Facebook just announced that its suicide prevention tool was updated and will be available for all of the users. Up until now, the feature could only be accessed by English-language based countries.
The suicide prevention tool allows users to flag the posts of their friends who may intend to harm themselves. Until recently, only English-speaking users were able to use the tool, the others being forced to report the posts that they deemed dangerous through a special form. However, by implementing this new feature on a global scale, the social network is allowing its users to act quicker and easier.
The head of global safety at the social network, Antigone Davis alongside researcher Jennifer Guadagno declared that the features were created in collaboration with various mental health organization and by listening to individuals who had experience with suicide and self-injury.
Last year, Zuckerberg’s company, in collaboration with Save.org, Lifeline, and Forefront, made the tools available for a couple of users in the US. The social network declared that they will continue to try and create collaborations with mental health and suicide prevention organizations in various countries.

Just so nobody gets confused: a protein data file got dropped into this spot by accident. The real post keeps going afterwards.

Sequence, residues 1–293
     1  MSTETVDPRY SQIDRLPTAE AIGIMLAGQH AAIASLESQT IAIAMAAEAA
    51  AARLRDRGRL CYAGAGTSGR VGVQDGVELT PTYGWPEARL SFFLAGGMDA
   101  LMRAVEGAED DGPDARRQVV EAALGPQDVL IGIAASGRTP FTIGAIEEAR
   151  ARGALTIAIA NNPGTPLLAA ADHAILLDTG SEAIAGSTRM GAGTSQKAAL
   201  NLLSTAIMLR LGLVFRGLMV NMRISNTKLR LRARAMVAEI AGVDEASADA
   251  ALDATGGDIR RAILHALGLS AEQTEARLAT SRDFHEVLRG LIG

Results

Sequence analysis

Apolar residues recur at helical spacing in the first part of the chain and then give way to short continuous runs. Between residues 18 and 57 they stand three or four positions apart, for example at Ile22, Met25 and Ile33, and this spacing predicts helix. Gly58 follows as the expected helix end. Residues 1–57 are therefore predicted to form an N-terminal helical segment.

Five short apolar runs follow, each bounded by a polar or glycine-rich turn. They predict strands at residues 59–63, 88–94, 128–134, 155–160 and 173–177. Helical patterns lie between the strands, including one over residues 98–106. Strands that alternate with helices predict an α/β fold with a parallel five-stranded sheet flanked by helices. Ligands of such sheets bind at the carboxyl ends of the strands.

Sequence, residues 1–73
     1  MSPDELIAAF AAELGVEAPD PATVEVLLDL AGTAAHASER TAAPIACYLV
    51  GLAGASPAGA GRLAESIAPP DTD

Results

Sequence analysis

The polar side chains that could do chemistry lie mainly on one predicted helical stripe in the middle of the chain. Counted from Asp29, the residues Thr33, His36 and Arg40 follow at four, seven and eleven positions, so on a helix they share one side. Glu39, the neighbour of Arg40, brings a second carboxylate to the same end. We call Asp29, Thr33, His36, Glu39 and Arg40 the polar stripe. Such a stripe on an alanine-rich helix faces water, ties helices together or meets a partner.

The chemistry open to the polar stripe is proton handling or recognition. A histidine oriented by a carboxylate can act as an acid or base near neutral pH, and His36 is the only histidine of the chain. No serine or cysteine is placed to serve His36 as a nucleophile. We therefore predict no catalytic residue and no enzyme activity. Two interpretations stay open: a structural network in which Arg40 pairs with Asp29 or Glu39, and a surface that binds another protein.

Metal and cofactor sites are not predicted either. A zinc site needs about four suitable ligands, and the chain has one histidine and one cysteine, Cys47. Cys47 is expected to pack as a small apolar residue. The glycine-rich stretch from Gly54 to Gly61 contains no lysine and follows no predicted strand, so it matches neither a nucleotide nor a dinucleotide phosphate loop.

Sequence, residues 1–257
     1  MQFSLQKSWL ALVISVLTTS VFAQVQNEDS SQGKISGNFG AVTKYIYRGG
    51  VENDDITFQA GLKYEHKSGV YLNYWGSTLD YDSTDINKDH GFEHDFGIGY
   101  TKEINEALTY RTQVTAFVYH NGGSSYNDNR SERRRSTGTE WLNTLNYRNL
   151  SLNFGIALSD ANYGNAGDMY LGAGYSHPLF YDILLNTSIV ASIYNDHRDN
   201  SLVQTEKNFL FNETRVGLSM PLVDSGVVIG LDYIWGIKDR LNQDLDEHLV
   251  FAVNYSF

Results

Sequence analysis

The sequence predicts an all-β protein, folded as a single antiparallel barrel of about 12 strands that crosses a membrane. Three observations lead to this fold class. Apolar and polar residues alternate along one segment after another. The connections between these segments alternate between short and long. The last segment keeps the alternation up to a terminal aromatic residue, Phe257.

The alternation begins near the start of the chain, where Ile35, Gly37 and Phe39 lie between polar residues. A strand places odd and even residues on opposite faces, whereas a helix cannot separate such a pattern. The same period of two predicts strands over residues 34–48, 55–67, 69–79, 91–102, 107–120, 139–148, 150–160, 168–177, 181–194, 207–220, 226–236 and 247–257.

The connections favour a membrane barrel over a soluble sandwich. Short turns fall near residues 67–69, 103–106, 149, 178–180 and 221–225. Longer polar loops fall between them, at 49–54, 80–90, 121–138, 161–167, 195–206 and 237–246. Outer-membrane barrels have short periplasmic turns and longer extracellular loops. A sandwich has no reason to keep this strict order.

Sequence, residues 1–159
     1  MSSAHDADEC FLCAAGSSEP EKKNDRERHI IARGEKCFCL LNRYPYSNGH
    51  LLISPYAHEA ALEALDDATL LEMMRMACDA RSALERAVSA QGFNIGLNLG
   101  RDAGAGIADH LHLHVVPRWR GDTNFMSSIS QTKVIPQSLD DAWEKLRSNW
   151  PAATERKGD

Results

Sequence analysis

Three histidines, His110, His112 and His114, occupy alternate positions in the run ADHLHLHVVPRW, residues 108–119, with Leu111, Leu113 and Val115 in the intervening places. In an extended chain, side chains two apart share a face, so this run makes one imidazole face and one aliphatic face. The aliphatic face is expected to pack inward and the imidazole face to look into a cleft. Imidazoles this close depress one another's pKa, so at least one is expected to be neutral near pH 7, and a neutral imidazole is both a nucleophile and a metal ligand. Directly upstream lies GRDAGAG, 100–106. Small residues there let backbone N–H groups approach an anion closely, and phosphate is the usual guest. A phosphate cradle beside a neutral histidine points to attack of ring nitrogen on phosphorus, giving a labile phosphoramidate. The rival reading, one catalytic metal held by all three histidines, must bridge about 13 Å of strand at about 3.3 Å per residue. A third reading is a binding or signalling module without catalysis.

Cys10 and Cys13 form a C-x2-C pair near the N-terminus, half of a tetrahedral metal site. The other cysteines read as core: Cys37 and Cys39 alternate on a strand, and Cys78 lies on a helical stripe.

The idea on which the feature is built is rather simple. Users will have a drop-down menu that they will able to access whenever they consider that a friend’s post is hinting that the said person is contemplating suicide or self-harm.
When they expand the menu, the users will have several options. For example, they will be prompted to call the emergency number if they consider that the risk is immediate. If not, they will be able to share an anonymous support message, share the number of a suicide prevention organization, or send a support message using their real name.
After the post is flagged, an operations team that will be working on a global scale will review it and then reach out to the person in question, offering specialized counsel and information.
Suicide rates have considerably increased in the past years. This initiative may be able to help lives, or, at the very least, raise awareness on a crucial matter.
In the United States, alone, the suicide rates are higher than in the last three decades. The usual victims being women with ages between 45 and 64, and men of all ages.
What do you think about the new suicide prevention tool? Will it prove helpful? Let us know in the section below.
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